I am currently working on the trial/sample area, sorting out my beat, the shuttle tension and the warp and selvedge tensions. I had one crossed warp thread which was easily fixed.  The warp is two close shades of orange and I will be using a red weft.

Weaving 8 shaft Brighton Honeycomb in a single or analogous colours is just a starting point for this structure. There is quite a lot of information on the web. I like Priyank Goyal's notes, and Posselt has some interesting things to say, particularly on the use of colour.

I am using a twill sett which seems to work fine for scarves. If I have room on this warp I shall re-sley to a looser set for a small sample - shawls perhaps?

Thursday, September 19, 2013

Selvedge Rollers

In an earlier post, Back of the loom, I showed some design possibilities for Selvedge Rollers. I have now come up with my version (Mark 1)  in which I have plagiarized a little bit from each of the ideas.

I bought two spinning wheel spools and mounted them on a long wooden dowel. The dowel is attached by four metal brackets to a narrow beam that sits in the currently unused mountings of the secondary warp beam. The selvedge threads are wound onto the spools and dynamic tension is applied by nylon line wrapped over the rollers and weighted with fishing sinkers.

 The system works but already I can see plenty of scope for improvement. This will all have to wait otherwise I shall never get going with some weaving.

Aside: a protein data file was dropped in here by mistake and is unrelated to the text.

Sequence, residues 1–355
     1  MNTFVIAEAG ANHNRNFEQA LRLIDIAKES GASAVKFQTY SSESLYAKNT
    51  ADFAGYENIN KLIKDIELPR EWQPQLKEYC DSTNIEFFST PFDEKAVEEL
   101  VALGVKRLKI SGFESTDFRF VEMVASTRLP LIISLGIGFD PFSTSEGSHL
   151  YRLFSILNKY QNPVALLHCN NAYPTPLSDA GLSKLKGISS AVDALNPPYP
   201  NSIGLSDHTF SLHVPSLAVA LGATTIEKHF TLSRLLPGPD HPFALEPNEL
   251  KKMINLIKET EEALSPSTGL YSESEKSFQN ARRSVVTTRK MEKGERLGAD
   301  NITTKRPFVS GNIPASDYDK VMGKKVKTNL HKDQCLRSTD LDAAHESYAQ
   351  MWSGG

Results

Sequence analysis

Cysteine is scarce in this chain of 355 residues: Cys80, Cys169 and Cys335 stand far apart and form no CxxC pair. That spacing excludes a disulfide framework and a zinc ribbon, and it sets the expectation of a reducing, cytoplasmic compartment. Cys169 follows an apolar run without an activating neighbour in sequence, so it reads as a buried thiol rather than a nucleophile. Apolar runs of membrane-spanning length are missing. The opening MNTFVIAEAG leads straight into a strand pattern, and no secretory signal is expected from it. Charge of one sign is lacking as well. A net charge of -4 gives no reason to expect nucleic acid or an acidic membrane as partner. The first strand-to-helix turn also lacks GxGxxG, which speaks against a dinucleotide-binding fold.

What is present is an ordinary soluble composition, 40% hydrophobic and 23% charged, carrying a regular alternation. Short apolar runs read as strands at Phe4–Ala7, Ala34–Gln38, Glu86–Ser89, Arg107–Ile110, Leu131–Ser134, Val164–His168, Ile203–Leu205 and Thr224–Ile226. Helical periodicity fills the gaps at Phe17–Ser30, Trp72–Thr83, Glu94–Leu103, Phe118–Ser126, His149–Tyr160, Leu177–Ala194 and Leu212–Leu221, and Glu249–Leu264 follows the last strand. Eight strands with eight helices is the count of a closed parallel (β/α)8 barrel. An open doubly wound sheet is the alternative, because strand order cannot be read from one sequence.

Wednesday, September 4, 2013

Threading with the AVL Cross Maker

I set out to thread a warp today on my 24S Glimakra but ran into problems. I had the threading cross on lease sticks suspended as usual  right behind the heddles. Note the cunning use of the snitch knot to get the lease sticks at the right height!

Normally reaching through the gap between the heddles (24 shafts worth of them) to pick up the next thread from the cross is fine but because I have slightly wrenched my shoulder playing tennis I found this tricky today.

My solution to the problem has been to move the threading cross to in front of the heddles. I have used the cross maker from my AVL warping wheel to act as a little set of lease sticks and the photograph shows the rather industrial way that I am holding it in place. The selected threads are easily slid of the ends of the sticks. I thread in blocks of four, selecting and grouping the correct heddles and then taking the threads off the cross. I still have to reach through to bring the threads into the correct position for threading but it this is much easier on the shoulder (and the eyes) than trying to get hold of threads that are 2 feet away.